The Government has been saying since it came to power that it was ring-fencing funds for the Health Service, and that is just fine. However, what it has failed to do is to recognise that the workload in the NHS is increasing on a weekly basis, and that the equipment, staffing and number of beds available is just not sufficient.

The problem is one of under-estimation. The increasing life span that so many of us are enjoying means that the average age of patients is increasing year on year.

This has to be coupled with a fact rarely mentioned by any government minister, namely, that the population of the United Kingdom has increased by seven per cent over the last ten years, and is continuing to rise. That alone should have triggered additional investment in the NHS to match such growing demand.

Dr Clare Gerada, chair of the Royal College of General Practitioners, and a working doctor, responding to a question in a Parliamentary Select Committee recently, said that the workload for GPs had increased by 10 per cent over the last ten years, with the average age of patients increasing, and a fear of loneliness being a basic cause of health problems amongst the old.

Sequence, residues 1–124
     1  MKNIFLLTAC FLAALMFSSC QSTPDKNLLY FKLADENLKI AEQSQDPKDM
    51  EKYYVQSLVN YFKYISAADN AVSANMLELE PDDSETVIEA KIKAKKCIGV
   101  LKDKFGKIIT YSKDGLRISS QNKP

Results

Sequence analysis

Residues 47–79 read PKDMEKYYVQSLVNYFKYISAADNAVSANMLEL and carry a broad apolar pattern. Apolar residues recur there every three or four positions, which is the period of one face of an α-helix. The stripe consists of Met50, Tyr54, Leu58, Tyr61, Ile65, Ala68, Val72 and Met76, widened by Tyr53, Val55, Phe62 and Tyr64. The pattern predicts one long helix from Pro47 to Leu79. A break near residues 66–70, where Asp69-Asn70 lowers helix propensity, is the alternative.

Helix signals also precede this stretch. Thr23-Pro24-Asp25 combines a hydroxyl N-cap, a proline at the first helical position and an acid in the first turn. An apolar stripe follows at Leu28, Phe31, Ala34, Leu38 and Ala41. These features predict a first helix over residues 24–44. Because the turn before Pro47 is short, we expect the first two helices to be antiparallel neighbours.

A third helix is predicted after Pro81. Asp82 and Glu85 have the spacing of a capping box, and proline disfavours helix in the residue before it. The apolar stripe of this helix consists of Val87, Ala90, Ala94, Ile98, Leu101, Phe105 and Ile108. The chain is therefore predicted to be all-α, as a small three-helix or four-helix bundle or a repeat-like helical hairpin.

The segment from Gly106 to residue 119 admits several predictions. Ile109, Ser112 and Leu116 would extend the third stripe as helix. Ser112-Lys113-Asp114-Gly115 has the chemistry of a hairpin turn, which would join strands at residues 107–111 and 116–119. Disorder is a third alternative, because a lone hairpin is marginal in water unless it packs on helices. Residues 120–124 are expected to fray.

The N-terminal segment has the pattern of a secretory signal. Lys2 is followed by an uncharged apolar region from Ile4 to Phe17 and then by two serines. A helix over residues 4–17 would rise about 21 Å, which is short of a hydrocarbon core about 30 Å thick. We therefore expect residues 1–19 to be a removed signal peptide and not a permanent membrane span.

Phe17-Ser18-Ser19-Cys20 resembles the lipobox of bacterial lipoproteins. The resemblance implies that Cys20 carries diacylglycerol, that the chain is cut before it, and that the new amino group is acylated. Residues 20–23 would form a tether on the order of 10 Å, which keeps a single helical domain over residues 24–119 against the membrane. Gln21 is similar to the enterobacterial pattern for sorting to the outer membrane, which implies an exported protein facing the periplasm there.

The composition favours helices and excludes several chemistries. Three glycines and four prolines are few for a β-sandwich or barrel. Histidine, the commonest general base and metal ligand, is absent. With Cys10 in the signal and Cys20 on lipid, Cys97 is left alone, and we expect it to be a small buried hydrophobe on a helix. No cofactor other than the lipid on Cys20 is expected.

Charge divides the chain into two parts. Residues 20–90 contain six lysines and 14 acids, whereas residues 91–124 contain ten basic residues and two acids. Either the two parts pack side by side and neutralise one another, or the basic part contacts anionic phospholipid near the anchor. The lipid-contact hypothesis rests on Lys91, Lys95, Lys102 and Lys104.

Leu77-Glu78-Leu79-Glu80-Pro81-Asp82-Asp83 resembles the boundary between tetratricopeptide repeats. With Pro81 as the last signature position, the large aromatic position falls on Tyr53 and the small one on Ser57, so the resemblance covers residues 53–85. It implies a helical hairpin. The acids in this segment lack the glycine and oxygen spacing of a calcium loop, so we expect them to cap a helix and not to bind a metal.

It would appear to me that it is almost inevitable that in the not too distant future, we are all going to have to make some form of payment towards our heathcare. This already happens in so far as dentistry is concerned; in fact, it is very difficult to find an NHS practice. The vast majority of us have to pay. I very much doubt that a policy of co-payment will be enacted before the next general election occurs; it is far too much of a political hot potato.

The sums needed do, however, dictate that some form of action is inevitable. Increasing life span, the average advancing age of patients, and the burgeoning costs of health care, particularly in relation to expensive drugs designed to extend life still further, means that, however unpopular, some form of patient contribution will have to be designed.

Such increasing costs of both health and pensions will dictate change. Perhaps a retirement age of 70 would be the answer, but that is another story.

* Russell Luckock is chairman of pressings firm AE Harris